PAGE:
Cardboard in her shoes CD
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Dave Yates: Cardboard in Her Shoes

 

David Yates is a music legend in East Tennessee and Southwest Virginia.  He's kind of like the late Mike Auldridge of that historical motherland for bluegrass and country music; smooth, with tons of tone.  For years, David was known as an ace electric guitarist who valued tone and timing over flash and hot licks.  But he is also a great acoustic cat--something of a rarity among electric players.  An accomplished musician of all trades, he is known as a fiddler as well, and for the last twenty years or so as one of the best teachers of acoustic instruments in East Tennessee.  His students and proteges include Hunter Berry, Beth Lawrence, Darrell Webb and Tennessee First District Congressman Phil Roe.

 

Here David showcases four original tunes, a mini tour-de-force.  They span the gamut of emotions, paying homage to those in his past who continue to influence him.  First on that list would be his mother.  Anyone who knows David knows what a huge impact his mother had on his life, and he has penned the perfect tribute to her self-sacrifice and devotion to her son in "Cardboard in Her Shoes."  The emotional core of this recording, the song evokes tender memories of a mother who did without so that her son could have his first guitar; she would be both amazed and immensely proud to see what has come of that selfless gesture all these years later.  David's mother was also a talented writer herself, as "The Orphan Child" demonstrates vividly.  "Million Dollar Man," though surely a cautionary tale, was inspired by Yates's longtime musical boss and compatriot, the great country singer David Friday.  With Friday, Yates opened for country music legend Merle Haggard for two years.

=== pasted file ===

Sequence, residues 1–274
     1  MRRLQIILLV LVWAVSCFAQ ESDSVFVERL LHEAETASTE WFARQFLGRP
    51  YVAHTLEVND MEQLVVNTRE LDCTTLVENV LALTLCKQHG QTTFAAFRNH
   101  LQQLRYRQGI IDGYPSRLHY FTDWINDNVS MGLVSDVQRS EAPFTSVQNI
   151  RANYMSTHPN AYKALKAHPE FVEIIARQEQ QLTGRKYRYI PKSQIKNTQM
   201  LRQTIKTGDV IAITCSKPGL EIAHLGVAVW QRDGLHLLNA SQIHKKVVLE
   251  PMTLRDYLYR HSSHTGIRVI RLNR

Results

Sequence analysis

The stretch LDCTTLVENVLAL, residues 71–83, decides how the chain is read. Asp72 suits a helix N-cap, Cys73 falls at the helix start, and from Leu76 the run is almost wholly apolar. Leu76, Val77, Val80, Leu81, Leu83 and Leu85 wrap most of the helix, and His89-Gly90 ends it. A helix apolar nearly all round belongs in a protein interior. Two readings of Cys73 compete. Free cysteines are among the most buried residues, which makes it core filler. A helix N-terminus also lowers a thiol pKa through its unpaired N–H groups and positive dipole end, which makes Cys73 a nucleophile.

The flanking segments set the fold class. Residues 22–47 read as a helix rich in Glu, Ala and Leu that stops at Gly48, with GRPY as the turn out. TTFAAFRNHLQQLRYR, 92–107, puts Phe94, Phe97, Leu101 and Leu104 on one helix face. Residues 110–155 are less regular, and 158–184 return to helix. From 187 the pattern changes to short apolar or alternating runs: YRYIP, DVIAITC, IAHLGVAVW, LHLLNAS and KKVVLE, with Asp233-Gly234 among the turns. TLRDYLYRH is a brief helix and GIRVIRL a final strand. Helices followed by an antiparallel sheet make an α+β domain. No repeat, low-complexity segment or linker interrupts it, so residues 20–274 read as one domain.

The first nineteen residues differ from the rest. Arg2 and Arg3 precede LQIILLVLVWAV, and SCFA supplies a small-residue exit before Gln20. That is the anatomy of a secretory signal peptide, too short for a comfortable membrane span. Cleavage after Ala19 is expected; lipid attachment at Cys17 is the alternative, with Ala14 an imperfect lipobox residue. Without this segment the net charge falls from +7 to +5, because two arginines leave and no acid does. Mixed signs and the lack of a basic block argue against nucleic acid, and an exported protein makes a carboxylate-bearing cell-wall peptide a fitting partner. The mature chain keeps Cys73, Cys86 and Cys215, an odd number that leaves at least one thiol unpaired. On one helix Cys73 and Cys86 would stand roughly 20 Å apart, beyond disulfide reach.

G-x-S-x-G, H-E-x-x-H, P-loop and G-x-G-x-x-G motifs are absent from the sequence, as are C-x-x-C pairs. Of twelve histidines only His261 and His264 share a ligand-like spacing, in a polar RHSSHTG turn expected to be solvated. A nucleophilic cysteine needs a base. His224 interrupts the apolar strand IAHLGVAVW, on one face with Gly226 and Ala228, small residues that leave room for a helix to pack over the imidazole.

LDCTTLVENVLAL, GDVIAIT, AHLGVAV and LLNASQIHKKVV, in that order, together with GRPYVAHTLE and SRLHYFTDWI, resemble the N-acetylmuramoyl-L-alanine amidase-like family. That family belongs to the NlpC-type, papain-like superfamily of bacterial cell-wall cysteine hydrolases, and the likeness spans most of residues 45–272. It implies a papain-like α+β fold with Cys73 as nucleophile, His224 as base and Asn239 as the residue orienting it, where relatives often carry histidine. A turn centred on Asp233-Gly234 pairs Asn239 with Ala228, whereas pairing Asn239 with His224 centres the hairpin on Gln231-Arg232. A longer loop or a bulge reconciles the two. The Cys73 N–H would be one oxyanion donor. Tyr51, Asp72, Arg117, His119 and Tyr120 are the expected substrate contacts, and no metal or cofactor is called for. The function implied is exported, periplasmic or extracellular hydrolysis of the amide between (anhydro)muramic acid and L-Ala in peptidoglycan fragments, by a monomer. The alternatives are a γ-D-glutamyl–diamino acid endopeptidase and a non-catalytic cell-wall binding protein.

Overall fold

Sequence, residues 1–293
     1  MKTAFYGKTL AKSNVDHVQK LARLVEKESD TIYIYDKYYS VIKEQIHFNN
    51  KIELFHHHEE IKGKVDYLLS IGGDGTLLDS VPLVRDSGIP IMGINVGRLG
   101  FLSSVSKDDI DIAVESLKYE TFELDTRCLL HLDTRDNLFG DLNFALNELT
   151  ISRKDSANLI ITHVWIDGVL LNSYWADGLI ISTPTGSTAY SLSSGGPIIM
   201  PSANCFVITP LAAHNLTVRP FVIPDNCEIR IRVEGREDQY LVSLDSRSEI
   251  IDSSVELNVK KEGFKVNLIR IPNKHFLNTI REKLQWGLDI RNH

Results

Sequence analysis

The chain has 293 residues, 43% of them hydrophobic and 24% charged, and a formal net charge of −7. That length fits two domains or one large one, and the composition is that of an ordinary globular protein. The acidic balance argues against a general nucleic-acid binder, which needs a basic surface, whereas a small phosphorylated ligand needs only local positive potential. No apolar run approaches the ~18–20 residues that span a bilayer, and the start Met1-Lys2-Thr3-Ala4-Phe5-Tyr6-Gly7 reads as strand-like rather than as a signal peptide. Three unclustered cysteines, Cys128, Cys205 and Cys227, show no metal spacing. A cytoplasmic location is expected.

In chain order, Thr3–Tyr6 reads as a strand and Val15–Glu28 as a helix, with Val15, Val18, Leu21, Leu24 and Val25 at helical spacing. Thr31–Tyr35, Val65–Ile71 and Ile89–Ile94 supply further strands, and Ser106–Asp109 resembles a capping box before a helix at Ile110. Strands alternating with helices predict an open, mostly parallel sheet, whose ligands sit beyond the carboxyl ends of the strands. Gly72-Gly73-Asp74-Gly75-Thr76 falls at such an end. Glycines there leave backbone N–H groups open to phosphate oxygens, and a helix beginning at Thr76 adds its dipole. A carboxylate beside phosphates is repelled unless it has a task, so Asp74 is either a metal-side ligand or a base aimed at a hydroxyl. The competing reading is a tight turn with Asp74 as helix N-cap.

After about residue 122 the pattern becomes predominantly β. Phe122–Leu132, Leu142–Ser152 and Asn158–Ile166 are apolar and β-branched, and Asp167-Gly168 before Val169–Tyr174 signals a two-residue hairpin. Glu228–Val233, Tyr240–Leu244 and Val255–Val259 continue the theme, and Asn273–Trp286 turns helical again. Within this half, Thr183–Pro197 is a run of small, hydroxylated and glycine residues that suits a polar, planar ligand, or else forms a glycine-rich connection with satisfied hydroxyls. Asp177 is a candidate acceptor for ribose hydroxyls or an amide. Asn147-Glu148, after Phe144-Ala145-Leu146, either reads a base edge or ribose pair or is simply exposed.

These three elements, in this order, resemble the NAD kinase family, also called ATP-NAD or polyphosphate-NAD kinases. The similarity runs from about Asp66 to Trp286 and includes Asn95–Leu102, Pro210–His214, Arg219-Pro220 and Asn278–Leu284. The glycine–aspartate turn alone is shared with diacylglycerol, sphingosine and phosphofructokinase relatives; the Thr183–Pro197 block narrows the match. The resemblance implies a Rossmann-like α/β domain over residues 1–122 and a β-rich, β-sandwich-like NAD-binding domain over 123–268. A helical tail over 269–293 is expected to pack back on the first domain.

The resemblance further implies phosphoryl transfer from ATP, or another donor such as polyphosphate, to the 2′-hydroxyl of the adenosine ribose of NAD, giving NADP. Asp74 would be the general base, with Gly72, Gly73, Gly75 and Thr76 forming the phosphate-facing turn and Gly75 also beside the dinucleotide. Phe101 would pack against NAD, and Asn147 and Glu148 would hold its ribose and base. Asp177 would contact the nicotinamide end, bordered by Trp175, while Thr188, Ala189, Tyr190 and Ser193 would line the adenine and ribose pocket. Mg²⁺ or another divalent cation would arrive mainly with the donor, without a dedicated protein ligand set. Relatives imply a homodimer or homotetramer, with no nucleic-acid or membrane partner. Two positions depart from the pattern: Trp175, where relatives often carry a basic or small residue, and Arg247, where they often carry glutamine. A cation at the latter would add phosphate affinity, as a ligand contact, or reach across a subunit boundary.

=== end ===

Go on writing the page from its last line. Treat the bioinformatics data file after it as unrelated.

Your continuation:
The result of those influences is on full display on "Kansas Wind," an original instrumental that could have jumped right out of a smooth jazz channel or a movie soundtrack (any producers listening?).  David's grasp of melody, tone, timing and technique is striking.  His partners in crime, Hunter Berry (fiddle), Adam Steffey (mandolin), Barry Bales (bass) and John Gardner (percussion), lay down a perfect, impressive groove.

 

If you're a fan of the fundamentals of musicianship and how they can be used to create a powerful statement, or of a good set of lyrics crafted to tell a tender story, there's no reason you wouldn't love this recording.

 

Tim Stafford ~ Kingsport, TN
March 2014

Appalachian Music Lessons
525 Lee Circle
Johnson City, TN 37604
423 929-2504

appalachianmusiclessons@gmail.com

 

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